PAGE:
Deguelia sinuata (Thwaites) Taub.
Derris diadelpha (Blanco) Merr.
Derris exserta Craib
Derris heptaphylla (L.) Merr.
Derris macroloba Miq.
Derris sinuata Thwaites
Pterocarpus diadelphous Blanco
Pterocarpus diadelphus Blanco
Sophora heptaphylla L.
Aganope heptaphylla is a climbing shrub with twining stems[
The plant is harvested from the wild for local use as a food. It contains the insecticide rotenone, though in lower concentrations than several other species and so probably only suitable for local use as an insecticide.
The plant contains rotenone and has been used traditionally as a fish poison - the rotenone kills or stuns the fish making them easy to catch, but the fish remain perfectly edible for mammals. Rotenone is classified by the World Health Organization as moderately hazardous. It is mildly toxic to humans and other mammals, but extremely toxic to many insects (hence its use as an insecticide) and aquatic life, including fish. This higher toxicity in fish and insects is because the lipophilic rotenone is easily taken up through the gills or trachea, but not as easily through the skin or the gastrointestinal tract. The lowest lethal dose for a child is 143 mg/kg, but human deaths from rotenone poisoning are rare because its irritating action causes vomiting. Deliberate ingestion of rotenone, however, can be fatal.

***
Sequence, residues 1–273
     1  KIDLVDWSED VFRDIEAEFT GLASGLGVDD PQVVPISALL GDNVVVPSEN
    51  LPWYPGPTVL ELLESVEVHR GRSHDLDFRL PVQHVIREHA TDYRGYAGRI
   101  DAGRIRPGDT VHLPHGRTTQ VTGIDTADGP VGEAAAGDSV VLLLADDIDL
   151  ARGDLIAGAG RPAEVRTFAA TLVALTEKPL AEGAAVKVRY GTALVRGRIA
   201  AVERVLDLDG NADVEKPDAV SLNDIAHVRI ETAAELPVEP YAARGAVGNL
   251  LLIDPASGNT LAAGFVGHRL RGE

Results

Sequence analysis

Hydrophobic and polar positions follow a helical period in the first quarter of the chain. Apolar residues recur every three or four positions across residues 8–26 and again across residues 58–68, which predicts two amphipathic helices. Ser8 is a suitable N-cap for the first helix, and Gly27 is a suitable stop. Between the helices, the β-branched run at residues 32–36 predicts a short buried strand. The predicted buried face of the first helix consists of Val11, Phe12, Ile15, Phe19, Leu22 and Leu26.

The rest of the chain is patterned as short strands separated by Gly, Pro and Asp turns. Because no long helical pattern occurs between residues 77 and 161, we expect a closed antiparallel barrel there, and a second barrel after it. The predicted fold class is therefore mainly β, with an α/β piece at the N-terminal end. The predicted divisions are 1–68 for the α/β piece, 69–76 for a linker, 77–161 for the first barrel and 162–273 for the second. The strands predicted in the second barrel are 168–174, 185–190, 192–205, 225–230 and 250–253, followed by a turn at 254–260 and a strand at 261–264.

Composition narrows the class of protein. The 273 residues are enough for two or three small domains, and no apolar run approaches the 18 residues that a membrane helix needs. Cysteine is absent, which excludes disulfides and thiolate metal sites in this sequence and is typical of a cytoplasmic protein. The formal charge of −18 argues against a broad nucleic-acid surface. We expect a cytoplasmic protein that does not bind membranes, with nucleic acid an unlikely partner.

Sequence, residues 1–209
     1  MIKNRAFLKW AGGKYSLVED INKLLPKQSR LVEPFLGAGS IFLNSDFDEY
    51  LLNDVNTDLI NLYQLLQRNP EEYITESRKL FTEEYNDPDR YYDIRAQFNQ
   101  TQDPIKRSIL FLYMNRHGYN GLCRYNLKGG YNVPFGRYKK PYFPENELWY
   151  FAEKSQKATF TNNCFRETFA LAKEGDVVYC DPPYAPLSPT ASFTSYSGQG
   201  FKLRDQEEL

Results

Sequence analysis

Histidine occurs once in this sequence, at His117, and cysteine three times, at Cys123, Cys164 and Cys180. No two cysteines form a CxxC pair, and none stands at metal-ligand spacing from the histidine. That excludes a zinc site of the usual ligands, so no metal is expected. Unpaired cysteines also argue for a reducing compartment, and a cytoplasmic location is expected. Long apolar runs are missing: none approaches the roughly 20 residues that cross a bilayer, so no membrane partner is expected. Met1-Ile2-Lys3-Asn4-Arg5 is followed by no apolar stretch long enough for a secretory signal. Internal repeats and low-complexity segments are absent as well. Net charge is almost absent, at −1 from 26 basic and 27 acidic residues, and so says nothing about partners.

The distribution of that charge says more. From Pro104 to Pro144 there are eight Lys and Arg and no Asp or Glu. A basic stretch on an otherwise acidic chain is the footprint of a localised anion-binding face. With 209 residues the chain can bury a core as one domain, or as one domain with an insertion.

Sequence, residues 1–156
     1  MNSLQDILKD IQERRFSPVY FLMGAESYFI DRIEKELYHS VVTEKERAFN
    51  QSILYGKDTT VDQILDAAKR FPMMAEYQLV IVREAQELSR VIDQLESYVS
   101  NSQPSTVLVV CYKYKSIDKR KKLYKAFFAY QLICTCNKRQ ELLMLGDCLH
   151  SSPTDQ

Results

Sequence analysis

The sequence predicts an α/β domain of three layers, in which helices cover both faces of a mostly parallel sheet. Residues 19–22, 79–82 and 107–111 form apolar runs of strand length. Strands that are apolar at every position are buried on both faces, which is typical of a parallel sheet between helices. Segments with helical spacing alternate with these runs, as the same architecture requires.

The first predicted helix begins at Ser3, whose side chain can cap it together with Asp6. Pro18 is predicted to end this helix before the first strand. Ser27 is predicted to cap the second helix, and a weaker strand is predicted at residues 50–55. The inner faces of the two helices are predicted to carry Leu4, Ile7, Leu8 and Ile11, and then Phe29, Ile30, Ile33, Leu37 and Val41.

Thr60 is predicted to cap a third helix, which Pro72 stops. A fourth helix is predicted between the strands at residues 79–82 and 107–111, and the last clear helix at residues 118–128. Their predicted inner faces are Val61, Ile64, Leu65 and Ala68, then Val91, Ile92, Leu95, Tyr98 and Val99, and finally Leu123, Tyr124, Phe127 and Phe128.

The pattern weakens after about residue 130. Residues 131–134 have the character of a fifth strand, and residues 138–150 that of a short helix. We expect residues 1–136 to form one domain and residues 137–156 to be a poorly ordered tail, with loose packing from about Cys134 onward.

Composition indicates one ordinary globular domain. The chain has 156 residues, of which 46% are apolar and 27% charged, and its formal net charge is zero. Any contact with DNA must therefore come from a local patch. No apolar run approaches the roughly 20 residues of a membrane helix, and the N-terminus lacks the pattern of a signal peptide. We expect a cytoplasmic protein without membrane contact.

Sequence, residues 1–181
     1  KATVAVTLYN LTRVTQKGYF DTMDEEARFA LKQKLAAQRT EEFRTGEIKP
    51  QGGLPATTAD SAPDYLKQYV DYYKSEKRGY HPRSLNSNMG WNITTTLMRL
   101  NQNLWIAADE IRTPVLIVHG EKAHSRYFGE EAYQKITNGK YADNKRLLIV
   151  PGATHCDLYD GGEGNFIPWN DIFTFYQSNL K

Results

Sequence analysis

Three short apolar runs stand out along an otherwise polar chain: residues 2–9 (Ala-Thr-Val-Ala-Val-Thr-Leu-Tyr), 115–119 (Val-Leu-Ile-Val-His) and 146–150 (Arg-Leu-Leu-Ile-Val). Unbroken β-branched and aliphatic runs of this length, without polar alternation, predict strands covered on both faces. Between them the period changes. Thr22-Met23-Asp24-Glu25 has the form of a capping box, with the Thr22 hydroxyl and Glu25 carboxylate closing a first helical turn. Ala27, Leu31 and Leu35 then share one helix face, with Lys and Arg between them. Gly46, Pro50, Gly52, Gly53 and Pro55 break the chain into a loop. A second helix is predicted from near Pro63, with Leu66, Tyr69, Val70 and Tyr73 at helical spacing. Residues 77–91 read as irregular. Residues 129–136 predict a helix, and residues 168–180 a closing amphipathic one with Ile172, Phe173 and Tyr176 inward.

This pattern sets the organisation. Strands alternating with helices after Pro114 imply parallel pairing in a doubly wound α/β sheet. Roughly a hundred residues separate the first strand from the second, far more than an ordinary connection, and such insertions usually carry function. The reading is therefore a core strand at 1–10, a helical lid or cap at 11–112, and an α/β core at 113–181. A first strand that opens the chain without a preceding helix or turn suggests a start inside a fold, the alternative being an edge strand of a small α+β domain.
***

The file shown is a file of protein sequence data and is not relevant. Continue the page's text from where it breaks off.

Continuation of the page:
The compound decomposes when exposed to sunlight and usually has an activity of six days in the environment.
E. Asia - Sri Lanla, northeast India, Thailand, Malaysia, Indonesia, Philippines to New Guinea and northern Australia
Primary and secondary (dipterocarp) rain forest, often along rivers, swamps, mangrove forest, seashore and rocky sea cliffs; at elevations up to 120 metres[
|Other Uses Rating
Leaves - raw or cooked[
]. Also used as a culinary flavouring[
The plant contains rotenone, which is widely used as an insecticide[
]. Rotenone is effective against a range of horticultural pests, such as aphids and caterpillars, and also against external body parasites like ticks, lice, fleas and flies. It is reported to be ineffective against bedbugs, cockroaches, scale insects and red spiders.[
]. The rotenone can be found in various parts of the plant, but is generally most abundant in the bark, especially of the roots. The bark can be dried and powdered for use as an insecticidal dust[
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